Massanutten Calls

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Proud tall Massanutten Peak rises high

Virginia’s Shenandoah Valley calls

Blue Ridge mountain stands against a blushed sky

A sentinel of history’s many flaws

Only erased by erosion and time

Ghosts of Lee haunt many a hallowed hall

Calling the living to keep in their minds

Cost of division runs bloody and deep

Yet, we still have not learned with passing time


Photo: Dwight L. Roth

Today at d’Verse, Laura reminded us that this is the 9th day fo the 9th month. She asked us to write write a nine line poem in iambic pentameter. This is my attempt. I am not sure if it is correct, but hopefully it is close.

Join us at:

Independence Day…”all men are created equal”

Fourth of July 2012

I wrote this poem almost ten years ago. Thinking about the 4th of July and what independence day really means, I realized that it is all in the perspective from which it is viewed. It may be uncomfortable to look back at history the way it really was and know that for many generations, equality was nowhere to be found. A lot has changed in the last ten years, but inequality still exists in our nation. What will you and your children do to bring about change for the common good?

When all the fireworks fade into ashes

And the Bar-B-Que grills have cooled.

When the wide eyes of the children close in blissful sleep

Do you ever wonder what Independence Day really means…

To the ancestors of African slaves brought here in the holds of ships

Who look back at our forefather who bought and sold them,

Forefathers who wrote, “all men are created equal,”

And realize, the dark ones were not included.

In the words of, Thomas Jefferson, “less than human…”

Or, perhaps, to the Native Americans who loved the free and open spaces

Only to be run off their lands, pushed into the deserts,

Left where summer heat scorched them

And winter snows chilled them to the bone,

Where animals were few and crops refused to grow…

Were they a part of “All men are created equal?”

No, in the words of our former Presidents,

“They were just savages… they were less than human.”

Or, perhaps, to the ‘”Illegal Aliens” who scrub our floors,

Pick our fruits and vegetables, build our houses,

And mow our lawns and mulch our shrubs,

Are they part of “All men are created equal?”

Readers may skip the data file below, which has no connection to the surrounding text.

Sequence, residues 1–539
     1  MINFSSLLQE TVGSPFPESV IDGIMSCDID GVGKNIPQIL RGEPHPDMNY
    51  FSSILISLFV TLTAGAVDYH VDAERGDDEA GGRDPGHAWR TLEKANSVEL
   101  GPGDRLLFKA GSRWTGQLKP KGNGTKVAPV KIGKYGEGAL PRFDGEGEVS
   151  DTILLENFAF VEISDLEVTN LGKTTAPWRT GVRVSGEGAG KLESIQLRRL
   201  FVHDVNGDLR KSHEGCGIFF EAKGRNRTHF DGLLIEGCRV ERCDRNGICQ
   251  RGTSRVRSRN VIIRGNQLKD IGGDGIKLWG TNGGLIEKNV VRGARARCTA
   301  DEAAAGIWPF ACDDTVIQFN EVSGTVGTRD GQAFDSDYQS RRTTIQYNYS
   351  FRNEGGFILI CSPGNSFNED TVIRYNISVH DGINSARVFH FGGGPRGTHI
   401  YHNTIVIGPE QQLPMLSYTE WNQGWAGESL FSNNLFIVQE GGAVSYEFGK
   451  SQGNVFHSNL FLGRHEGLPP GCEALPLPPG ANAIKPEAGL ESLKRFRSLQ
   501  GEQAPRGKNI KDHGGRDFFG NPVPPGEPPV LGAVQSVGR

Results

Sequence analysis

No, in the words of many of us, “They are just ‘wetbacks,’”

Nameless illegals, “…Who should be sent back where they came from.”

Though we may not say it, some of us think they too are less than human.

How quickly we forget the dark side…

How soon we lay aside our guilt, insult, and pain…

We rise as a flower in the sidewalk crack,

Stepped on over and over again,

Yet, we rise and bloom from the strength of our roots.

Independence Day is a time to “Bloom”…

To draw from the strength of our roots… not to forget, but to move on

To all that we can become, in a land where in God’s eyes,

“All men are truly created equal!”

“Where have all the flowers gone?”


Sunday is the 100th anniversary of Armistice Day, when fighting ceased, bringing an end to WWI. It was called the war to end all wars, but sadly we see conflicts and wars continue throughout the world. Some say war is Hell and I would tend to agree. Many brave soldiers lost their lives on the battlefield. The horrific atrocities that occurred were unimaginable. Our leaders have not learned from our past. The division in our country can only lead to further conflict in our own back yard. We must learn how to agree to disagree and move beyond our personal power trips. We must stop sending our best young people to slaughter in ongoing wars of our own making.

Armistice Day ink
Brings an end to bloody war
November snow falls

Frank Tassone reminded us that tomorrow is the 100th anniversary of  the end of WWI. The Armistice signed ended the fighting and killing that had raged on for years. He asked us to write a Haikai poem that mention Armistice Day.
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Tomorrow is also Frank’s birthday!  Happy Birthday Frank!!

Photo: Dwight L. Roth    Title from Pete Seeger song:  “Were have all the flowers gone?”




Word of mouth stories

Passed down through centuries

Of human kind

Representing events and actions

Showing how critical choices

Helped or harmed men and women

Of diverse origins and cultures

Recording these events as history

Chosen and written for

Future generations to read

And imagine what actually happened

That was not told or only inferred

Wondering in their minds what

Layers of history were not recorded

Significant portions lost in the dust of time.

We pick and choose the history

Our children and grandchildren

Read and learn from…

The successes and mistakes

Of the past are there to help

Them learn and avoid

Repeating the evils men do.

Sadly few ever learn from the past

History continues to repeat itself

Generation after generation

Calling to mind the haunting question

Pete Seeger so simply asked…

“When will they ever learn

When will they… ever learn…”


Photo: Dwight L. Roth